Adventure Playground (AP) inside Huntington Beach Central Park is one of 4 true adventure playgrounds in California. The others are in Berkeley, Irvine, and Yorba Linda. How lucky are we?
This Adventure Playground is ONLY open during summer months. Their website says: “Open for registration: 2023 Season June 24th through August 18th.” In the past, it has been open for drop-in play. For 2023, there are instructions for registering and making your payment online ahead of time. See the Checklist section at the end of this post.
[If you are looking for the AMAZING playground with the neon green rope climber that opened in January 2022, then you’ll want to go to this post: “Huntington Beach Central Park for Kids and Families” to see the map and the entire playground coverage.]
Directions to Adventure Playground in Huntington Beach Central Park: The easiest way to find the playground is to find the Central Library and park there. From Interstate 405, I exited at Beach Blvd and turned right on Talbert which dead-ended into the library parking lot. Stay to the right side of the lot near an open space with picnic tables. Follow the path near the Youth Shelter and Amphitheater and it will wind around to the entrance of the park. I put the marker right in the middle of the pond inside the playground. If you come from the coast, you can take PCH to Goldenwest and turn right into the Library parking lot at Talbert. MAP TO ADVENTURE PLAYGROUND IN HUNTINGTON BEACH CENTRAL PARK
The Adventure Playground location is really nice within Huntington Beach Central Park — the beauty of which always astounds me. It’s so vast and there’s lots to see. It’s also close to the library which can provide for another facet to a day trip here.
It’s a relatively small play space enclosed by a fence all the way around, except the gate near the entrance.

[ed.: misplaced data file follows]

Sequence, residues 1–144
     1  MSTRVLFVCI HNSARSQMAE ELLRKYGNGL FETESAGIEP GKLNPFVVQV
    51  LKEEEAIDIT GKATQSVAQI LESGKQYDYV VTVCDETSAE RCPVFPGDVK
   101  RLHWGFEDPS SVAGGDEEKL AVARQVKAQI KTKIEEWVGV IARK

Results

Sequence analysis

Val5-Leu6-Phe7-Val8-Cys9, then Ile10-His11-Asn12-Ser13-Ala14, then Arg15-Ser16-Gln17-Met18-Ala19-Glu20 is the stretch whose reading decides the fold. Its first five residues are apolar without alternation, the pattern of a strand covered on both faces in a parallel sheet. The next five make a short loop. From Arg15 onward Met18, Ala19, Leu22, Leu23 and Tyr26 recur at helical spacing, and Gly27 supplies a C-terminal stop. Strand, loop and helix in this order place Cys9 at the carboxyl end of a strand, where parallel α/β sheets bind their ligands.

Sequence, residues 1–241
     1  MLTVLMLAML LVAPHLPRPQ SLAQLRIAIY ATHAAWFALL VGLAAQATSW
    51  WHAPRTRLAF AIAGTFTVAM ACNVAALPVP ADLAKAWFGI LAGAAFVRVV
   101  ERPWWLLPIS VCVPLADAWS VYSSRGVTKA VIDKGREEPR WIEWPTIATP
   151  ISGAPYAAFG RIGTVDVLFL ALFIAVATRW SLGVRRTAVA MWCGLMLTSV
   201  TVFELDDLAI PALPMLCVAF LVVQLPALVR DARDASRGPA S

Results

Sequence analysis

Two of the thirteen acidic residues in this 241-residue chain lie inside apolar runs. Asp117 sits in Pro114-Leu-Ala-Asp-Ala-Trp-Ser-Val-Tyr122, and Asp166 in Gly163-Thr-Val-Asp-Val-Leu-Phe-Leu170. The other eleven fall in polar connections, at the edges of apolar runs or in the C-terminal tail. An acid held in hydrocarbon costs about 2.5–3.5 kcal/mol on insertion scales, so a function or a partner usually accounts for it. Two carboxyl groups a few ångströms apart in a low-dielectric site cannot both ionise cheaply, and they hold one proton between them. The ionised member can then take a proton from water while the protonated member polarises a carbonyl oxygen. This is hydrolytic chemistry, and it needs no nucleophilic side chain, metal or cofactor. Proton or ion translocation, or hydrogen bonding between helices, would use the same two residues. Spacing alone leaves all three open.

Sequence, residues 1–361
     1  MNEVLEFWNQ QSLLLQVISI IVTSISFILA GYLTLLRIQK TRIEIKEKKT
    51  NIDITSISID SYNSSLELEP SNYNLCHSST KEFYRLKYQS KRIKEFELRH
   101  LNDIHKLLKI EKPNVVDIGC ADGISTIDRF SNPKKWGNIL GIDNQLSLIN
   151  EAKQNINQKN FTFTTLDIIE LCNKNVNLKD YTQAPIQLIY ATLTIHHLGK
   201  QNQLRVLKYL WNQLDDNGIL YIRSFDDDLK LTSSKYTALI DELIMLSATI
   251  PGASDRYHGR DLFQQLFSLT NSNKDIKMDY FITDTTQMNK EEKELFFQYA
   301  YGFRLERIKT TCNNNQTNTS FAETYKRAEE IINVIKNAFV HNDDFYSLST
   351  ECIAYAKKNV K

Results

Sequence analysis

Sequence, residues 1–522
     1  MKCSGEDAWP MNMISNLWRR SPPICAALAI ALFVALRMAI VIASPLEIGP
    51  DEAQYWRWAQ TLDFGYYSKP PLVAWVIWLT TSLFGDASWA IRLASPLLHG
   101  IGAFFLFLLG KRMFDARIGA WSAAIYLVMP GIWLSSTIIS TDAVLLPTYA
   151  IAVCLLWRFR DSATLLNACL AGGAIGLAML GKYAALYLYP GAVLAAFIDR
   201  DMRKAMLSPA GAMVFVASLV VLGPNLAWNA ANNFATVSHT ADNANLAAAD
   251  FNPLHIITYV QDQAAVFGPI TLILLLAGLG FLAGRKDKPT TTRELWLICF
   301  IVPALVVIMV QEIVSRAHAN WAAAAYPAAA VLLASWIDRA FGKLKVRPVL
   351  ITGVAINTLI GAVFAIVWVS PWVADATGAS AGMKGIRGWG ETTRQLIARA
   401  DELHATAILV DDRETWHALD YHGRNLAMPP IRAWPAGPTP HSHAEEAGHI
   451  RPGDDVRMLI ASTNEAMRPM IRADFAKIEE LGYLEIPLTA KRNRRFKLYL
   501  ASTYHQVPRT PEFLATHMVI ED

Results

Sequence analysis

There are adult monitors/helpers in each area, but you are responsible for remaining with your child. In the past, safety rules were explained to the kids as you enter.
Very thankful to Jill at Sandy Toes and Popsicles for visiting on opening day and updating us for what it’s like for this Summer 2023. Follow her on Instagram and read her caption on her post about this spot! You can see video of what it looks like in 2023.
Fort-climbing: There’s an open field with 3 trees with forts. There used to be hammer and nails action happening here. But, for 2023, their website says: “When you visit Adventure Playground, you will notice the location has undergone some changes since 2019. Three forts, the changing rooms, and the staircase to the mudslide have been completely rebuilt. The option to build on the forts with hammers and nails has been removed to ensure the safety of all participants. Adventure Playground is a wonderful playing experience for children 5-12 years old. Kids can raft on a small pond, go down a mudslide, and climb forts.” Jill also reported that there are those big LEGO style blocks up on the forts and they can be a hazard when children throw them off the platforms.
Mud slide (my favorite): One of the most intriguing features is a tall hill with a ditch dug into and plastic tarp laid over to make a water slide. When the slide is open (on and off throughout the day), a monitor runs water down the slide to make it nice and slippery. Kids sit and slide down the hill into a muddy pit of water. For my daughter, it went over her head! Moms with little ones stepped in to catch their kids. This one is much the same as past years.
Rafting (more like tubing this summer): There used to be wooden rafts (as pictured in this post). Rafting across the pond was like beginning stand up paddle boarding (with a pole that you push across the bottom of the pond instead of a paddle). The kids waited in the Raft Line for their turn and then walk out into the water to pick a raft and pole. For Summer 2023, they’ve switched this up to black inner tubes in very shallow water so some of the bigger kids weigh down the tubes and it’s not as fun of an experience.
Rope Bridge: This bridge runs over the water and used to be very popular. Jill reports the rope is so warn that you can get splinters from it. They have probably addressed this already with duct tape, but be aware.
New this year = Water Squirters: Jill says they have a limited number of water squirters available near water buckets, so she suggests considering bringing your own from home.
Sandbox and Picnic Area: There’s a small sandbox which has a shade cover with a few places to sit nearby. Sometimes this space is taken up by birthday parties.
According to one of the staff members, the best days to visit are Mondays and Saturdays. I’d also suggest getting there right when it opens at 10am.